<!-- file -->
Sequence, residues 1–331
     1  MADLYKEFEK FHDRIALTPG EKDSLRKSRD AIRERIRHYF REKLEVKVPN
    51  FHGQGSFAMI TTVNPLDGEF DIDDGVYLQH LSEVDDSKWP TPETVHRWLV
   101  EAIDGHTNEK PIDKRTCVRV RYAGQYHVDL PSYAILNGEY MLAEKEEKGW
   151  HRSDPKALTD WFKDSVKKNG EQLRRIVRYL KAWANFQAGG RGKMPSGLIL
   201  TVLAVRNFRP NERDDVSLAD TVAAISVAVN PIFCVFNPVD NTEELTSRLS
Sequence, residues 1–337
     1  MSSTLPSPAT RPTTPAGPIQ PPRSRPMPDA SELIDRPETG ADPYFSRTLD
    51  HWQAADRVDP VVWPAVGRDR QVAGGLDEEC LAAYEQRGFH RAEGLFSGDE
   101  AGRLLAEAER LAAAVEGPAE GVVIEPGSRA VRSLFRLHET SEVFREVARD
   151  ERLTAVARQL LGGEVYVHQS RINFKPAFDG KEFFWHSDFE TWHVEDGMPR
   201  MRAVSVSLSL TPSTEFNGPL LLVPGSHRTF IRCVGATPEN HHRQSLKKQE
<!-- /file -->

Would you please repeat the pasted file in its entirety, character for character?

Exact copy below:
Sequence, residues 1–331
     1  MADLYKEFEK FHDRIALTPG EKDSLRKSRD AIRERIRHYF REKLEVKVPN
    51  FHGQGSFAMI TTVNPLDGEF DIDDGVYLQH LSEVDDSKWP TPETVHRWLV
   101  EAIDGHTNEK PIDKRTCVRV RYAGQYHVDL PSYAILNGEY MLAEKEEKGW
   151  HRSDPKALTD WFKDSVKKNG EQLRRIVRYL KAWANFQAGG RGKMPSGLIL
   201  TVLAVRNFRP NERDDVSLAD TVAAISVAVN PIFCVFNPVD NTEELTSRLS
Sequence, residues 1–337
     1  MSSTLPSPAT RPTTPAGPIQ PPRSRPMPDA SELIDRPETG ADPYFSRTLD
    51  HWQAADRVDP VVWPAVGRDR QVAGGLDEEC LAAYEQRGFH RAEGLFSGDE
   101  AGRLLAEAER LAAAVEGPAE GVVIEPGSRA VRSLFRLHET SEVFREVARD
   151  ERLTAVARQL LGGEVYVHQS RINFKPAFDG KEFFWHSDFE TWHVEDGMPR
   201  MRAVSVSLSL TPSTEFNGPL LLVPGSHRTF IRCVGATPEN HHRQSLKKQE